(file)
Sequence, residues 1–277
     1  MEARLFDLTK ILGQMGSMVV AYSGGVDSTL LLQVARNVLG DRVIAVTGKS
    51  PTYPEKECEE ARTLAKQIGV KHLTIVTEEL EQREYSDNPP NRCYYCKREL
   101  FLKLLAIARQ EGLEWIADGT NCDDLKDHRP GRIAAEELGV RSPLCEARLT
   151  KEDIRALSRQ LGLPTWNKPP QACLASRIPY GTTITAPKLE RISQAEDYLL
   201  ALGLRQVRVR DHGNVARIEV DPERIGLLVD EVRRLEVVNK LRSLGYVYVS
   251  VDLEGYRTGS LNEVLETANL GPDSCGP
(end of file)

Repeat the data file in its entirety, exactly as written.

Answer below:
Sequence, residues 1–277
     1  MEARLFDLTK ILGQMGSMVV AYSGGVDSTL LLQVARNVLG DRVIAVTGKS
    51  PTYPEKECEE ARTLAKQIGV KHLTIVTEEL EQREYSDNPP NRCYYCKREL
   101  FLKLLAIARQ EGLEWIADGT NCDDLKDHRP GRIAAEELGV RSPLCEARLT
   151  KEDIRALSRQ LGLPTWNKPP QACLASRIPY GTTITAPKLE RISQAEDYLL
   201  ALGLRQVRVR DHGNVARIEV DPERIGLLVD EVRRLEVVNK LRSLGYVYVS
   251  VDLEGYRTGS LNEVLETANL GPDSCGP